WHAT'S THE DIFFERENCE BETWEEN ALL SEASON TYRES VS SUMMER TYRES
When debating between all season tires vs summer tires, the differences between the two types can be easily misunderstood. Depending on your vehicle, driving conditions, and personal preferences, one may be a better option than the other. When choosing between summer and all season tires, it helps to understand the benefits and limitations of each.
All Season Tires
An all season tire offers a balance of capabilities, providing acceptable performance in wet and dry conditions, as well as traction in snow.
Built for the average driver, all-season tires have moderate tread depths and rubber compounds that are engineered to provide longer tread life than summer tires, which have shallower tread depths. All-season tires are offered in many types/models, sizes, load capacities, and speed ratings for use on a wide variety of vehicles from economy cars to sedans to mini-vans to pickup trucks. They tend to provide ride comfort, handling, and other performance attributes suitable for most drivers.
All-season tires perform well in warm weather, but they may offer less grip than summer tires, sacrificing some steering, braking, and cornering capabilities. This trade off is necessary for all-season tires to be able to provide acceptable performance in light winter conditions and provide longer tread life.
All-season tires are capable of providing traction in winter, but are not the best tire to use in extreme winter driving conditions. Drivers who encounter extreme winter weather may want to consider switching to snow tires in the winter.
Because all-season tires offer a blend of summer and winter performance, they are often a good option for drivers in moderate climates and driving conditions.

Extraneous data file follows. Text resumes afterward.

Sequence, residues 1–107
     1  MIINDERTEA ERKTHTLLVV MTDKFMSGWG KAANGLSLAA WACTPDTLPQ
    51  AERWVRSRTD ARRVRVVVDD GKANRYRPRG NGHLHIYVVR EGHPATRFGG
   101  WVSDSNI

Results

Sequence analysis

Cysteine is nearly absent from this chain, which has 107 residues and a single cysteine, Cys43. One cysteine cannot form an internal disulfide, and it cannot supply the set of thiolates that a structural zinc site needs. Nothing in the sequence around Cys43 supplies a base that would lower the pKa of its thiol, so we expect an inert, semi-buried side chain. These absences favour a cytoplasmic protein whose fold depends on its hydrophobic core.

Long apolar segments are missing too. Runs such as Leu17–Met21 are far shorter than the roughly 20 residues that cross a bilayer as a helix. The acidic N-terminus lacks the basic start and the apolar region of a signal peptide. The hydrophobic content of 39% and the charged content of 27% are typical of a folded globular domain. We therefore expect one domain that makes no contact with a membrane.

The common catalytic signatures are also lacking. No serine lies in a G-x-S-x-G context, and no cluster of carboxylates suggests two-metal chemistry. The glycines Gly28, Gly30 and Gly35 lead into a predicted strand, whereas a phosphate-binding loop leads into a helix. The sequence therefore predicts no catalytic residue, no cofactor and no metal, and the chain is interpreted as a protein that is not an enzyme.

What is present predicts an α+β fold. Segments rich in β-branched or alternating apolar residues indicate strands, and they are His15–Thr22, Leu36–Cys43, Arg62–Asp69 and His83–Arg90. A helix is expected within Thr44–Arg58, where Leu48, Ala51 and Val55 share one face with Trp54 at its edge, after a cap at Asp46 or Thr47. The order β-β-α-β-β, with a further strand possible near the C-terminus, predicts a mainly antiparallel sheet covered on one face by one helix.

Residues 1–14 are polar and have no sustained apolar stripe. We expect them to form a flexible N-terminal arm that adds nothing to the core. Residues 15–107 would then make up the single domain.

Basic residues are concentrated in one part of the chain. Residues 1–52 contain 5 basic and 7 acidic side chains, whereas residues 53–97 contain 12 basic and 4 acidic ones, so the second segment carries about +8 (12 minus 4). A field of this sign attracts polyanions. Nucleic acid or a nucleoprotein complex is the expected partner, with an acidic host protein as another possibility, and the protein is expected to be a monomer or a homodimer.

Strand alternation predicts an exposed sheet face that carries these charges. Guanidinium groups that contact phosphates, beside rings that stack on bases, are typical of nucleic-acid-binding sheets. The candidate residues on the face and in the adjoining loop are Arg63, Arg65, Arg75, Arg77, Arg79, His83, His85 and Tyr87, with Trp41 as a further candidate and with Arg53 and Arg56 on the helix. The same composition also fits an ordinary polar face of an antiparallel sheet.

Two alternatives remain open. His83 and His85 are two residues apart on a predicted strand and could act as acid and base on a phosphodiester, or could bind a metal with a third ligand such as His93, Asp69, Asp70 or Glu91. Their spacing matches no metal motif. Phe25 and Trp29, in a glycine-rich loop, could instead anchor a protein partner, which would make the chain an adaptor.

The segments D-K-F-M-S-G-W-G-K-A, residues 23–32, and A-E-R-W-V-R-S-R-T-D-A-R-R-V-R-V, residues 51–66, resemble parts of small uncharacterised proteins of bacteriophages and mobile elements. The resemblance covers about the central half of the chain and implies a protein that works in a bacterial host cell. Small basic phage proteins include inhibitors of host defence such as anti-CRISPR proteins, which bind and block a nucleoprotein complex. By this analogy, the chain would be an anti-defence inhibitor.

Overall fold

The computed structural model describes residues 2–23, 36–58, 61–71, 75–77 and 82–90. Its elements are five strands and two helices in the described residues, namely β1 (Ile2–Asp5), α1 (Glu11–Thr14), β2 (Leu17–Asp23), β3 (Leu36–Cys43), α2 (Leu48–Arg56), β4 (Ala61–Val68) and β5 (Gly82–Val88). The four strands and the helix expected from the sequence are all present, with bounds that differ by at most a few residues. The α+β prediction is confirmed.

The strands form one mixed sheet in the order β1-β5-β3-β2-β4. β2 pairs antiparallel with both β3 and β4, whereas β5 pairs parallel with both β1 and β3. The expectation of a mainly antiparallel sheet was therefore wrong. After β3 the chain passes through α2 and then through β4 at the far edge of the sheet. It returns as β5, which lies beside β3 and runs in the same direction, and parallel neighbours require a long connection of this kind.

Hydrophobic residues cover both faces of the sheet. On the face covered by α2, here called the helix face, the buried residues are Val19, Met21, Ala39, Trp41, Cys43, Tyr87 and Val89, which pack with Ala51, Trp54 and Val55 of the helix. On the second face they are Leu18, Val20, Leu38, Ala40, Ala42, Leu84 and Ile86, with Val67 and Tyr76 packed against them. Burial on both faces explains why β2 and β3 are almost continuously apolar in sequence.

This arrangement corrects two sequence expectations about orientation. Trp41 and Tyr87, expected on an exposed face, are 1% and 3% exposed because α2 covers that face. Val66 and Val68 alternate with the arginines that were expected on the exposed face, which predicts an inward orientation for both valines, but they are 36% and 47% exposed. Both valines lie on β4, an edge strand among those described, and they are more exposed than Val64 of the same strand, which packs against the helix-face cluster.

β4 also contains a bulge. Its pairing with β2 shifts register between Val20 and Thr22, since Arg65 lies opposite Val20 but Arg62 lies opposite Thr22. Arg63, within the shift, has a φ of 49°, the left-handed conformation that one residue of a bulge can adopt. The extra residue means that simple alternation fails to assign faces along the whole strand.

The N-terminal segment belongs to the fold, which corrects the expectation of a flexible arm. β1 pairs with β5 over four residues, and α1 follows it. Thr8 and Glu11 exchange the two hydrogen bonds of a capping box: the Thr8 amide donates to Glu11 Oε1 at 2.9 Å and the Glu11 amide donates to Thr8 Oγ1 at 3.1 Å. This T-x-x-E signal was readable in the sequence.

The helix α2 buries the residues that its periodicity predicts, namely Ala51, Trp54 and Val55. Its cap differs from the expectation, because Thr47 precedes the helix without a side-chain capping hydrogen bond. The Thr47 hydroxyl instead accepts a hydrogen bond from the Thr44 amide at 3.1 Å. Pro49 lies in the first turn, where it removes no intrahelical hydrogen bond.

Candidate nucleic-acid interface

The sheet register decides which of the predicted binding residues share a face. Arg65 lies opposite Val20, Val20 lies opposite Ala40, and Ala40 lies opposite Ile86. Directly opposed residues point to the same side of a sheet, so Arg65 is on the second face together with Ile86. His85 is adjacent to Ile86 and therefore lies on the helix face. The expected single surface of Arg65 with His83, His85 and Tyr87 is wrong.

Summer tires are ideal for high performance vehicles, and are built for speed and agility. They offer increased responsiveness, cornering, and braking capabilities. This is typically attributed to specialized tread patterns and rubber compounds that allow for improved precision on the road. The tread patterns of summer tires have less grooving and put more rubber in contact with the road. They are designed to provide maximum road-holding grip. The tread compounds of summer tires are designed to remain more flexible, allowing for better traction and grip. Summer tires may have shallower tread depths that allow for more stability when pushed closer to their limits.
Dimensional characteristics (such as the tire’s width, aspect ratio, and rim diameter), speed capability, and other design features make summer tires more suitable and capable for increased performance in wet and dry conditions on high-performance, sports-oriented vehicles. Surprising to some, summer tires provide better performance in wet driving conditions, thanks to unique tread patterns that help evacuate water and resist hydroplaning.
When it comes to winter driving, all-season tires may be more suitable than summer tires, given their blend of summer and winter performance capabilities, but we recommend considering making the switch to winter tires to get optimal traction and performance in extreme winter conditions.
Choosing the Right Tire
Choosing the right tire isn’t as simple as mounting a set and never looking back. When contemplating between a summer and all-season tire, consider your driving conditions, the climate you live in, and performance needs.
It is best that all tires on your vehicle are the same type of tire – such as winter, all season, summer, etc. Your vehicle’s tires should meet the manufacturer’s recommended size, speed rating, load capacity, as well as any other recommended specifications.